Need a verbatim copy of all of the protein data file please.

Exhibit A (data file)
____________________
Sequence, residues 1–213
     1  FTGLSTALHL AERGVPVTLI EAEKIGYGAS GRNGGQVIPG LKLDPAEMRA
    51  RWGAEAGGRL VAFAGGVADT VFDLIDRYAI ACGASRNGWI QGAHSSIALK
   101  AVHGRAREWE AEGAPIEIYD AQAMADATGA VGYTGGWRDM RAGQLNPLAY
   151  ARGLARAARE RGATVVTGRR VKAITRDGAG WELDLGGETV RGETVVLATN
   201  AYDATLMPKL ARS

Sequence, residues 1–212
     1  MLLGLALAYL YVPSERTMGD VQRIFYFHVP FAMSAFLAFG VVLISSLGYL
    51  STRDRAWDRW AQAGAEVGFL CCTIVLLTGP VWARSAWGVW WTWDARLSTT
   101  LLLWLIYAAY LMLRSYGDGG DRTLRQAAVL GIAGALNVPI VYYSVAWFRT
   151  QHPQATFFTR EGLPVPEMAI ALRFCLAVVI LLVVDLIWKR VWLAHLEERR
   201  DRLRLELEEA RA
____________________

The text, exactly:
Sequence, residues 1–213
     1  FTGLSTALHL AERGVPVTLI EAEKIGYGAS GRNGGQVIPG LKLDPAEMRA
    51  RWGAEAGGRL VAFAGGVADT VFDLIDRYAI ACGASRNGWI QGAHSSIALK
   101  AVHGRAREWE AEGAPIEIYD AQAMADATGA VGYTGGWRDM RAGQLNPLAY
   151  ARGLARAARE RGATVVTGRR VKAITRDGAG WELDLGGETV RGETVVLATN
   201  AYDATLMPKL ARS

Sequence, residues 1–212
     1  MLLGLALAYL YVPSERTMGD VQRIFYFHVP FAMSAFLAFG VVLISSLGYL
    51  STRDRAWDRW AQAGAEVGFL CCTIVLLTGP VWARSAWGVW WTWDARLSTT
   101  LLLWLIYAAY LMLRSYGDGG DRTLRQAAVL GIAGALNVPI VYYSVAWFRT
   151  QHPQATFFTR EGLPVPEMAI ALRFCLAVVI LLVVDLIWKR VWLAHLEERR
   201  DRLRLELEEA RA